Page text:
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Plaintiff hospices exceeded their aggregate caps in the 2013 fiscal year, and three Silverado hospices also exceeded their aggregate caps in the 2014 fiscal year. Plaintiffs appealed their cap determinations to the Provider Reimbursement Review Board (“PRRB”), arguing that their MAC had failed to calculate the aggregate cap using the “actual net amount of payment received by the hospice provider.” The Ninth Circuit affirmed the district court’s summary judgment in favor of the government.   The court held that CMS correctly concluded that the Budget Control Act required it to reduce the total annual amounts paid to hospices, not only the periodic reimbursements, and that the agency’s chosen method for implementing sequestration was consistent with the Medicare statute. The court further held that the agency was not required to undertake notice-and-comment rulemaking before implementing the Budget Control Act’s sequestration mandate. The agency’s sequestration method, as reflected in the TDL and the PRRB’s decisions, did not amount to the “establish[ment]” or “change[]” of a substantive legal standard governing payment for services under Medicare, within the meaning of 42 U.S.C. Section 1395hh. Rather, Congress enacted the Budget Control Act’s sequestration requirements, and the President implemented sequestration when the statutory conditions were triggered. View "SILVERADO HOSPICE, INC. V. XAVIER BECERRA" on Justia Law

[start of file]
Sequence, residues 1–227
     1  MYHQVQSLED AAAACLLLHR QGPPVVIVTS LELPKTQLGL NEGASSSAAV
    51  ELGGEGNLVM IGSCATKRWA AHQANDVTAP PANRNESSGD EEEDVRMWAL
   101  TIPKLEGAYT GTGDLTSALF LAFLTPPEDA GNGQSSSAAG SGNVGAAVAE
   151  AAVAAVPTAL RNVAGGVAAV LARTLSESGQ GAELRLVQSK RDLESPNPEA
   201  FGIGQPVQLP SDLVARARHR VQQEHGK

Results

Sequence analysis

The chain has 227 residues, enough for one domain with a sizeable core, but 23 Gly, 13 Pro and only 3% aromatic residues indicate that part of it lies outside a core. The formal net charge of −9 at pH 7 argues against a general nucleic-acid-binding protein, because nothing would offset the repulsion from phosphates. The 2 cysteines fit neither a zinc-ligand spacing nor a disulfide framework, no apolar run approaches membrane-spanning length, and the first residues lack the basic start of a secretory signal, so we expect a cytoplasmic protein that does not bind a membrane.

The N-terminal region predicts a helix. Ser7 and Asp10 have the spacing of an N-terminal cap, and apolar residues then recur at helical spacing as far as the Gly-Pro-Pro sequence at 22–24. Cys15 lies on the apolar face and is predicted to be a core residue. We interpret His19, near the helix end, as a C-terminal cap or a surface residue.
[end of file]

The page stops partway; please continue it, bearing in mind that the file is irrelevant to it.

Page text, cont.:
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Appellants, Medicaid providers and former members of public-sector unions, challenge the district courts’ dismissals of two cases, consolidated on appeal. When Appellants joined the unions, they authorized the California State Controller to deduct union dues from their Medicaid reimbursements. Appellants now contend that, when the Controller made these deductions, she violated the “anti-reassignment” provision of the Medicaid Act, which prohibits state Medicaid programs from paying anyone other than the providers or recipients of covered services.   The Ninth Circuit affirmed the district court’s dismissal. The court explained that California uses some of its Medicaid funding to provide assistance with daily activities to elderly and disabled beneficiaries under a program called In-Home Support Services (IHSS). The recipients of these services are responsible for employing and overseeing the work of their IHSS providers, who are often family members. The Controller makes a variety of standard payroll deductions, including for federal and state income tax, unemployment compensation, and retirement savings. California law also authorizes the Controller to deduct union dues from the paychecks of IHSS providers.   Thus, the court held that the Medicaid Act’s anti-reassignment provision, 42 U.S.C. Section 1396a(a)(32), does not confer a right on Medicaid providers enforceable under Section 1983. The text and legislative history of the anti-reassignment provision make clear that Congress was focused on preventing fraud and abuse in state Medicaid programs rather than on serving the needs of Medicaid providers. Because Congress did not intend to benefit Medicaid providers, the anti-reassignment provision did not confer a right as enforceable under Section 1983. View "DELORES POLK V. BETTY YEE" on Justia Law